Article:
Benjamin M. Gannon, Yu Wei, Lee H. MacDonald, Stephanie K. Kampf, Kelly W. Jones, Jeffery B. Cannon, Brett H. Wolk, Antony S. Cheng, Robert N. Addington and Matthew P. Thompson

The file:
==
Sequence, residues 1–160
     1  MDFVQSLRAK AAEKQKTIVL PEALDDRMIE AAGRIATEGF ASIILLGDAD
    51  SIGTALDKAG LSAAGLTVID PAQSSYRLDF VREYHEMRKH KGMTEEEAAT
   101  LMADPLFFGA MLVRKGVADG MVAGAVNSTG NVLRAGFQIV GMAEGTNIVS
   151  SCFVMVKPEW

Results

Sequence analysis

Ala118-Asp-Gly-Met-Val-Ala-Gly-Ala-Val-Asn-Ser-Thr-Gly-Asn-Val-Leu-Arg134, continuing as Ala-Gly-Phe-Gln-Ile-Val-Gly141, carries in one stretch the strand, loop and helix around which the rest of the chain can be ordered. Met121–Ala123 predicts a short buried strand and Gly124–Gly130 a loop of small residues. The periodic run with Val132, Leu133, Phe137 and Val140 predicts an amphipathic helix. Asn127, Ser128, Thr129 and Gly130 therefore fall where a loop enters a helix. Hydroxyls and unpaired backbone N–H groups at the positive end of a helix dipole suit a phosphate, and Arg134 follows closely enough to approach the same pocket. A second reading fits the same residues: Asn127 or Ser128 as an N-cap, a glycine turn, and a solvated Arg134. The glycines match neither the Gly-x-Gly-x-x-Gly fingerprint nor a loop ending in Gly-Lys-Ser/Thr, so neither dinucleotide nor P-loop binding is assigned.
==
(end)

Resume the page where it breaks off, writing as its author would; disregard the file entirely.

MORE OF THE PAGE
Abstract. Concerns over wildfire impacts to water supplies have motivated efforts to mitigate risk by reducing forest fuels. Methods to assess fuel treatment effects and prioritise their placement are needed to guide risk mitigation efforts. We present a fuel treatment optimisation model to minimise risk to multiple water supplies based on constraints for treatment feasibility and cost. Risk is quantified as the expected sediment impact costs to water supplies by combining measures of fire likelihood and behaviour, erosion, sediment transport and water supply vulnerability. We demonstrate the model’s utility for prioritising fuel treatments in two large watersheds in Colorado, USA, that are critical for municipal water supply. Our results indicate that wildfire risk to water supplies can be substantially reduced by treating a small portion of the watersheds that have dense, fire-prone forests on steep slopes that drain to water supply infrastructure. Our results also show that the cost of fuel treatments outweighs the expected cost savings from reduced sediment inputs owing to the low probability of fuel treatments encountering wildfire and the high cost of thinning forests. This highlights the need to expand use of more cost-effective treatments, like prescribed fire, and to identify fuel treatment projects that benefit multiple resources.